SAG-AFTRA Merger Consolidates Performers’ Unions


On Friday, March 30, the Screen Actors Guild (“SAG”) and the American Federation of Television and Radio Actors (“AFTRA”) overwhelmingly approved a merger to form one union for all performance artists.  This merger affects over 150,000 actors, journalists, musicians, writers, editors, puppeteers, singers, stunt performers, and others who perform on stage, television, radio, video games, and other media.[1]

The new union, SAG-AFTRA, will change various aspects of the entertainment industry for the better.  First, it will eliminate competition between the two former unions to represent performers in high-profile shows.[2]  It will also change the way dues are paid for many members who previously maintained memberships with both unions.[3]  The fee structure under the new constitution provides for income-based dues so that those members who earn the most pay the most.  For most members who belonged to both unions separately, dues will decrease.

This merger has been a long time coming.  SAG and AFTRA were each formed in the 1930’s in an effort to protect the employment rights of performance artists.[4]  The idea to unite the two unions has been present in the performing arts community for about eighty years.[5]  The concept has even been put to a vote twice before – first in 1998-99 and again in 2003.  Both times, AFTRA approved of the merger but SAG did not.[6]

Despite the overwhelming advantages of the merger, some members of SAG are still voicing their opposition to it.  In late February, a group of actors led by former SAG President Alan Rosenberg, Martin Sheen, Ed Harris, Valerie Harper and Edward Asner, approached a federal court once again to block the merger.[7]  In addition to allegations of labor law violations, their law suit charges the SAG board of directors with a breach of fiduciary duties for failing to do take a hard look at the impact of the merger on members’ health benefits and pension plans.[8]

SAG Attorneys deny these allegations, saying that “a proper feasibility study was conducted.”[9]  SAG’s reply brief, in part, reads:

This lawsuit is a clear attempt at circumventing the will of the membership. . . . It is disappointing that this group seems dedicated to preventing their fellow members from exercising their democratic right to vote on their futures through the union’s fair and established referendum process which is already underway.[10]

After ballots were sent out to over 131,000 members of the two former unions, plaintiffs moved for a preliminary injunction that would have prevented the votes from being counted.  The court denied the injunction on Wednesday, March 28.  In his denial, Judge James Otero said:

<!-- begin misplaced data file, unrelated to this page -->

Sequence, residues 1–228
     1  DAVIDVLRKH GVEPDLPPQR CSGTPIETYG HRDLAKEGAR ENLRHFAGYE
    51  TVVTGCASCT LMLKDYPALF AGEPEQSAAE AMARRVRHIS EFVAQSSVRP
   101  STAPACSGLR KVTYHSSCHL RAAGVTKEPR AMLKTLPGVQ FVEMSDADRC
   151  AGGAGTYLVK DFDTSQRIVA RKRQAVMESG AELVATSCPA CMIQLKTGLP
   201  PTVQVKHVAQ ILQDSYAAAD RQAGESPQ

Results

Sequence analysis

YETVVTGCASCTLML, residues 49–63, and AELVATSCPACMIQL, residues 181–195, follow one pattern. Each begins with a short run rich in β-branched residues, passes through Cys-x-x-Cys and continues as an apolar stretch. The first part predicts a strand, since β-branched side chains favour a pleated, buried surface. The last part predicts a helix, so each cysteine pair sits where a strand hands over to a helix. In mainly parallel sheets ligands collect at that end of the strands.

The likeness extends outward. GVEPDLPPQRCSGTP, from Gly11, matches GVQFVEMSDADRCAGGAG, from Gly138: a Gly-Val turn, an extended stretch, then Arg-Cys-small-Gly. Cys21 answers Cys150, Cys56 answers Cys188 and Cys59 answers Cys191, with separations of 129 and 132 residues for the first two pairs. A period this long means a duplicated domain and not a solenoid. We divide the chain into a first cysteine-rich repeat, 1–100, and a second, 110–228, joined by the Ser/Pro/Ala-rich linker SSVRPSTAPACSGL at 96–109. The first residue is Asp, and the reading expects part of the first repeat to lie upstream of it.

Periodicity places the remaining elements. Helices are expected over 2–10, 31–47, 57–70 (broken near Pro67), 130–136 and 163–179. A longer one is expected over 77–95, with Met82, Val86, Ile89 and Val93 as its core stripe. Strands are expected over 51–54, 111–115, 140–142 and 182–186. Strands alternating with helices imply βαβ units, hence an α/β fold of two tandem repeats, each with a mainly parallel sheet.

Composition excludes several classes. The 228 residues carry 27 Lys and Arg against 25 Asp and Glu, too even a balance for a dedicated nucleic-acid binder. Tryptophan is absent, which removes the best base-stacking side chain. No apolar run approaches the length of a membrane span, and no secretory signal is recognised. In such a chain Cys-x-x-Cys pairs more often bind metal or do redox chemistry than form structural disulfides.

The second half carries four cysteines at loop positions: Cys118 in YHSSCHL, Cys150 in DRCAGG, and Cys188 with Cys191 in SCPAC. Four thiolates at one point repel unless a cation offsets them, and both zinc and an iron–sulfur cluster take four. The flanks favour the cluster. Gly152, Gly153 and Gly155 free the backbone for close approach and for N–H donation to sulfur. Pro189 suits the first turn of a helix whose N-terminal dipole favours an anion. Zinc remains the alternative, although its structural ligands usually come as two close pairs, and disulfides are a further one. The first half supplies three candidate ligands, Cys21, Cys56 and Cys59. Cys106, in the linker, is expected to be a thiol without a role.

Voting in favor of merger may or may not be in the best interest of the majority of Union Members. But the decision, for better or worse, belongs to the Members – not to Plaintiffs, and certainly not to the Court.[11]

In the same opinion, Judge Otero denied Defendant’s motion to dismiss, meaning that the breach of fiduciary duty claim remains.[12]  The judge’s opinion did indicate that the plaintiffs did not offer enough evidence to show the health benefits and pension plans will be put at risk by the merger.  Despite this, the fact that it survived the defendants’ motion to dismiss could be important.  It can become the subject of intense discovery, depositions, and could be argued in court or, as Santa Clara Law Professor Steve Diamond said, used by the plaintiffs as a “bargaining chip to use with SAG in exchange for dropping the law suit.”[13]

When put to a vote, SAG approved of the merger by 82%, and AFTRA approved by 86%.  Only 60% approval was needed from each union.[14]  When asked about the benefits and pension issues, SAG representative and SAG-AFTRA Co-President Ken Howard said that these will be fully addressed in due time, but did remind members, “Vested pensions are protected by federal law.  So they will not be diluted.”[15]

AFTRA representative and Howard’s Co-President Roberta Reardon added, “We stand as one.  This new union will give us the collective voice and presence to protect our present contracts.”[16]

[1]     Mission Statement, SAG-AFTRA One Union, (last visited Apr. 10, 2012).

[2]     Michael Cieply, Merger of Performers Unions Approved, N.Y Times (Mar. 30, 2012),  http:/

[3]     Id.

[4]     Supra note 1.

[5]     Jonathan Handel, SAG/AFTRA Merger Passes: It’s Now SAG-AFTRA, The Hollywood Reporter (Mar. 30, 2012),

[6]     Id.

[7]     Actors Sue to Block SAG-AFTRA Merger, Law and Industry Daily (Feb. 24, 2012), (The case is Martin Sheen et al v. Screen Actors Guild et al, No. CV-12-01468, Central District of California (Los Angeles)).

[8]     Id.

[9]     Id.

[10]   Id.

[11]   Dave McNary, Judge OK’s SAG-AFTRA Vote, Ruling Denies Attempt to Block Merger Between Unions, SAG Watchdog (Mar. 28, 2012),

[12]   Id.

[13]   Arlin Miller, Judge Otero Denies Preliminary Injunction in Sheen v. Screen Actors Guild, SAG Watchdog (Mar. 28, 2012),

[14]   Supra note 5.

[15]   Nikki Finke, SAG-AFTRA Merger Approved! 81.9% of SAG Ballots Returned Voted Yes; 86.1% of AFTRA; Single Union Effective Immediately, Deadline Hollywood (Mar. 30, 2012),

[16]   Id.

Leave a Reply

Your email address will not be published. Required fields are marked *